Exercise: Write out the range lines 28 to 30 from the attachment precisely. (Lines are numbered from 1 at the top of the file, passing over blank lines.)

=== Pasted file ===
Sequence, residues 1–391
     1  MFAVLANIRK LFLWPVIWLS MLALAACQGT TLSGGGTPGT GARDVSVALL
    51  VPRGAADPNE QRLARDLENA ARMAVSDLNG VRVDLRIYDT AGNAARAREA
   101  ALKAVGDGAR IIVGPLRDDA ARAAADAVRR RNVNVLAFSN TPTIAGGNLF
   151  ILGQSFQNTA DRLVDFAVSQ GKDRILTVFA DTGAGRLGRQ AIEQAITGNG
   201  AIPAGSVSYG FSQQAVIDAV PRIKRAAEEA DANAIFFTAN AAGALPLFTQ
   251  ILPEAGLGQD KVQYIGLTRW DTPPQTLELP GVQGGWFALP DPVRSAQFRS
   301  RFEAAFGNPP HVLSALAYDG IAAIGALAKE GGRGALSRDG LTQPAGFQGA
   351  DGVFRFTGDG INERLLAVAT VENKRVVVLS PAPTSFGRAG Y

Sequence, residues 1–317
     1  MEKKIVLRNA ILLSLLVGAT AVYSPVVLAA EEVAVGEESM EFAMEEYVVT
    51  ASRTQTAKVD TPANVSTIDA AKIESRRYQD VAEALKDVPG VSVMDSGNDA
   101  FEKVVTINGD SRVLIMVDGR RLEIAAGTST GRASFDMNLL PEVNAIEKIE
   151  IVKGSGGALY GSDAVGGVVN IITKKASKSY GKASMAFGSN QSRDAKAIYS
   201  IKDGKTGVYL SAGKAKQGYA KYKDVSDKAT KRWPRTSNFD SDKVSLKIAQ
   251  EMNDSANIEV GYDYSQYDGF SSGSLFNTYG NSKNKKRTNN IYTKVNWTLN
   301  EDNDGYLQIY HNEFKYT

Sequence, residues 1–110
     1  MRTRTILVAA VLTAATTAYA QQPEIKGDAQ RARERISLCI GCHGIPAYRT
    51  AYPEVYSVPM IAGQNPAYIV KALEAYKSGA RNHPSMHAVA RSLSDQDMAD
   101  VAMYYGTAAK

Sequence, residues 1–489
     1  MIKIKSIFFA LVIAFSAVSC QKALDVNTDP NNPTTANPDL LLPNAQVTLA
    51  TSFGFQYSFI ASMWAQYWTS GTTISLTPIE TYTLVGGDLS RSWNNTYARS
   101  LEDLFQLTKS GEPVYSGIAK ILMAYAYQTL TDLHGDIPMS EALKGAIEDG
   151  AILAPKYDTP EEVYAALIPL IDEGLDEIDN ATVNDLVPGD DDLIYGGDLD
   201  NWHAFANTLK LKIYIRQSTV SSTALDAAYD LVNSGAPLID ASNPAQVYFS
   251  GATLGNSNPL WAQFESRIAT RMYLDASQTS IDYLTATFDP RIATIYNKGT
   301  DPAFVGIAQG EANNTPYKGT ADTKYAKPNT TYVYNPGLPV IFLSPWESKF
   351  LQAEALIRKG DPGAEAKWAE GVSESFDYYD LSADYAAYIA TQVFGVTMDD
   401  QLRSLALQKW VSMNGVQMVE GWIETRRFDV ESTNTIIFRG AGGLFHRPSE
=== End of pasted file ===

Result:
   251  GATLGNSNPL WAQFESRIAT RMYLDASQTS IDYLTATFDP RIATIYNKGT
   301  DPAFVGIAQG EANNTPYKGT ADTKYAKPNT TYVYNPGLPV IFLSPWESKF
   351  LQAEALIRKG DPGAEAKWAE GVSESFDYYD LSADYAAYIA TQVFGVTMDD